What Else Do I Need?
Once you decide on press, there are a number of things that you are going to need in order to get started. Most of these items are required more for the initial setup of the dies and won't be used as much once you start reloading.
- Case Cleaning Equipment
- Die Set
- Priming System
- Powder Measure
- Powder Scale
- Digital Calipers
- Reloading Supplies (Bullets, Powder, Primers, Cases)
Cases and Cleaning Equipment
The most expensive component of a cartrdige is the case. You can always buy cases at most sporting goods stores or online, but you are really cutting into the cost saving potential of reloading by doing so. Luckily, most ranges will let you pick up brass without making a fuss about it. Always ask others before assuming you can pick up their brass. In my experience, most people don't mind, especially if you ask. I started my case collection by buying some cheap ammo from Wal-Mart and just picking up the cases after each session until I had a few hundred to get me started.
Fired cases are of course dirty (some more than others), but you are going to need a way of cleaning them before you can load them. I tried a couple of frugal ideas that ended up being so tedious that I felt it wasn't worth the savings. I found a vibratory tumbler manufactured by Franklin Armory that works great and was only $35.
There are a few options when cleaning cases. Vibratory tumblers use some kind of tumbling medium such as dried corn cob or ground walnut and vibrate the cases until the medium takes the carbon scoring off of the case.
Wet tumblers use solutions in water along with steel media that work better but are more expensive. In my opinion, as long as it works I don't care how cheap it is. My $35 dollar investment has worked perfectly and I see no need to drop $200 on a wet system. Do what is right for you.
The die set is the most important part of your system besides the press. They work in tandem with the press and each is useless without the other. A die set is caliber specific and you will need a new set for each caliber that you want to reload.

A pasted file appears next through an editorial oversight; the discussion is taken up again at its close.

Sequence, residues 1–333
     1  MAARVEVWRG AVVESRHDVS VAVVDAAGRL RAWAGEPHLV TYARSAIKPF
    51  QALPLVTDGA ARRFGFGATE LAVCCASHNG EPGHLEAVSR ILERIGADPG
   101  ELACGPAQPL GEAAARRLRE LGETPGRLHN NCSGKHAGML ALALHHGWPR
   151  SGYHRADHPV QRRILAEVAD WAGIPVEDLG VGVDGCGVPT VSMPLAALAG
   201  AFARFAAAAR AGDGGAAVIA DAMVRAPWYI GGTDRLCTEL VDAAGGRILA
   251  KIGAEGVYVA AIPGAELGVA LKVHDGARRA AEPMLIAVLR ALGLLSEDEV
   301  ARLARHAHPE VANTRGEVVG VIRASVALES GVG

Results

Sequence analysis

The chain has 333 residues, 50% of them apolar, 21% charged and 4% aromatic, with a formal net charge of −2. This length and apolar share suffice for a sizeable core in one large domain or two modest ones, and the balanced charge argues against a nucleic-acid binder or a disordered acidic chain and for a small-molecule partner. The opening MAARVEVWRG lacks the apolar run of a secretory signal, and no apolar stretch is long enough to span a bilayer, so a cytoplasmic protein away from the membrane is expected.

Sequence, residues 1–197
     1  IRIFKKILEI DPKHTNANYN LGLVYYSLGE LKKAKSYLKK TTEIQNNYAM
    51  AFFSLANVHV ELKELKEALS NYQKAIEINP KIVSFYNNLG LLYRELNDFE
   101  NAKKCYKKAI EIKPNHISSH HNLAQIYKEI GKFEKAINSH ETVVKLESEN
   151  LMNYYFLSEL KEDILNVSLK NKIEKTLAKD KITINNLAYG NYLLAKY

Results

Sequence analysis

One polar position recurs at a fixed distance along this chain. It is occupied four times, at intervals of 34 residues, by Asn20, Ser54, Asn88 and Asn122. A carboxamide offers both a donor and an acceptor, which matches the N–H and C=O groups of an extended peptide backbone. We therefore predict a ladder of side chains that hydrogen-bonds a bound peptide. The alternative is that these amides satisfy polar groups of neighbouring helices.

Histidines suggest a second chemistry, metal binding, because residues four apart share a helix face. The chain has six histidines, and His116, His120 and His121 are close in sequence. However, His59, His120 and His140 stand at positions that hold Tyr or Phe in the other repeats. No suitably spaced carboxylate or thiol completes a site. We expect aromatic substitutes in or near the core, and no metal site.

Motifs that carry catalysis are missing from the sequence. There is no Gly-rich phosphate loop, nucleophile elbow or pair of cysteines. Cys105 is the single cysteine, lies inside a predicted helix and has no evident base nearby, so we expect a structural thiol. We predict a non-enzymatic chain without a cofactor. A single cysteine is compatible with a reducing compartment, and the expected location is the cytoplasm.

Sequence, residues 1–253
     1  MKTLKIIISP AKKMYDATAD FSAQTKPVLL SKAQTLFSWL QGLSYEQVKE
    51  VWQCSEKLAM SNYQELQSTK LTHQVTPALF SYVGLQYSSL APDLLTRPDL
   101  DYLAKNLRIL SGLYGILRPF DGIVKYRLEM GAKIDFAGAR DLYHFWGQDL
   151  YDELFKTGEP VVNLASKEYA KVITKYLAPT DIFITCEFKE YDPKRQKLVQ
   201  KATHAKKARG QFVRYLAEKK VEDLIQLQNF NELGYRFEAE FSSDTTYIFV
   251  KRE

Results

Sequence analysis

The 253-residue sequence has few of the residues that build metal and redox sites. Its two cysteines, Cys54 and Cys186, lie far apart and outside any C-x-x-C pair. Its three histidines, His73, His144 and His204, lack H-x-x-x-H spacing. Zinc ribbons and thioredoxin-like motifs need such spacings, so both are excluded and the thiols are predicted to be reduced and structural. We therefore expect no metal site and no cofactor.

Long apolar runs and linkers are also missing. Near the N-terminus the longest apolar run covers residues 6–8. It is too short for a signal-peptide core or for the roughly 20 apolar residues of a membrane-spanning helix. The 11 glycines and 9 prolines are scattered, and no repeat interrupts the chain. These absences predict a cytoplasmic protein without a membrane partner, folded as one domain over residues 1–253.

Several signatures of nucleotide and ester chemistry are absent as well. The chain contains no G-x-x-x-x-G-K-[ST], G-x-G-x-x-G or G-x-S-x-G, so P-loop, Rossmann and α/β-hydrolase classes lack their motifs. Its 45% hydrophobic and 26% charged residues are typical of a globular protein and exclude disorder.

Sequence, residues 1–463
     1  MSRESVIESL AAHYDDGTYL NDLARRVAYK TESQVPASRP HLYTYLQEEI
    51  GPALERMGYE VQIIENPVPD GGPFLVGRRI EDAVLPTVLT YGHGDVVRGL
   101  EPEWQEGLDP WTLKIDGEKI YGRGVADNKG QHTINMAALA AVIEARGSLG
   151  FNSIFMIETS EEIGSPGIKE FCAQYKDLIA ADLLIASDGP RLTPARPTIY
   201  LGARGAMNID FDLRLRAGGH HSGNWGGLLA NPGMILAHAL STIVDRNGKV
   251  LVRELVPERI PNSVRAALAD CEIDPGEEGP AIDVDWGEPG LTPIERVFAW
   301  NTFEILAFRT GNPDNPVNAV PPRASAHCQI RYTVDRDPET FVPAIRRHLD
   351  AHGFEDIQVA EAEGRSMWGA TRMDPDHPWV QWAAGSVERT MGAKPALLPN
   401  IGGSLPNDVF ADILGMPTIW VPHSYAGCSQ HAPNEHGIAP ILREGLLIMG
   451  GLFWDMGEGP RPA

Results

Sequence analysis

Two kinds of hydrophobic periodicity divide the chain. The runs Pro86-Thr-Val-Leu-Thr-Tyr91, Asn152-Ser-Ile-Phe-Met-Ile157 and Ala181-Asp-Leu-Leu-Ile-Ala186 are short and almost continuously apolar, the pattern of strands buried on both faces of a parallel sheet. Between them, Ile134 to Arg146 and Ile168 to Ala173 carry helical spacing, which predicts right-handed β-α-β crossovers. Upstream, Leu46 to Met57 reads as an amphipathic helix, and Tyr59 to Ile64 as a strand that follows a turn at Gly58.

Generally speaking, each brand of press will have its own brand of dies. You can usually use a die set from one brand with a press of a different brand, but I would just buy all the same brand. Less chance of having problems.
Some sets come with 4 dies and others with 3. Remember that part about the bullet seating die being able to crimp too? It just depends on what you want. I like the 4 die sets, but it is totally personal preference. The 3 die sets are a little cheaper.
You will need to have some kind of priming system for your press. Single stage presses such as the Lee Classic Breech Press have a mount for an integral primer feeder and can be found in a kit where they are sold together along with some of the other equipment that you will need such as a scale and powder through. Some people prefer to use the hand primer however. Again, it is totally up to you, but my advice for anyone new is to use an integrated system if possible as it greatly increases speed.
If you are running a progressive press, it is going to have some kind of priming system built into it as it is essential for the nature of the press to function.
The next important piece of equipment that you will need, is a powder throw. This is what actually allows you to put a measured amount of powder into each case once it has been setup for a specific amount. These are sometimes sold together in the kits as mentioned above and come in a few different flavors. They are either manually actuated or automatically actuated by the case as it enters the die.
A single stage press is usually used with a manual measure as having to remove the measure from the die during the die changing process is a little cumbersome. Turret and progressive presses utilize automatic powder measures as the goal is speed.